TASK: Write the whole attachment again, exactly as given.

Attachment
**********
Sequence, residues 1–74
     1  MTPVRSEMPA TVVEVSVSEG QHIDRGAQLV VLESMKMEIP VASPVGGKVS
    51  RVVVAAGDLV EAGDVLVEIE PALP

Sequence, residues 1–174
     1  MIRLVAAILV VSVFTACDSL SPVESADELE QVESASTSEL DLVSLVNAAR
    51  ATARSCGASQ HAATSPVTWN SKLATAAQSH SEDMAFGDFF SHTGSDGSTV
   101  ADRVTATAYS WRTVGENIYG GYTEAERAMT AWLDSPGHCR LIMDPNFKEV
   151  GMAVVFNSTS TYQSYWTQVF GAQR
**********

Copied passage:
Sequence, residues 1–74
     1  MTPVRSEMPA TVVEVSVSEG QHIDRGAQLV VLESMKMEIP VASPVGGKVS
    51  RVVVAAGDLV EAGDVLVEIE PALP

Sequence, residues 1–174
     1  MIRLVAAILV VSVFTACDSL SPVESADELE QVESASTSEL DLVSLVNAAR
    51  ATARSCGASQ HAATSPVTWN SKLATAAQSH SEDMAFGDFF SHTGSDGSTV
   101  ADRVTATAYS WRTVGENIYG GYTEAERAMT AWLDSPGHCR LIMDPNFKEV
   151  GMAVVFNSTS TYQSYWTQVF GAQR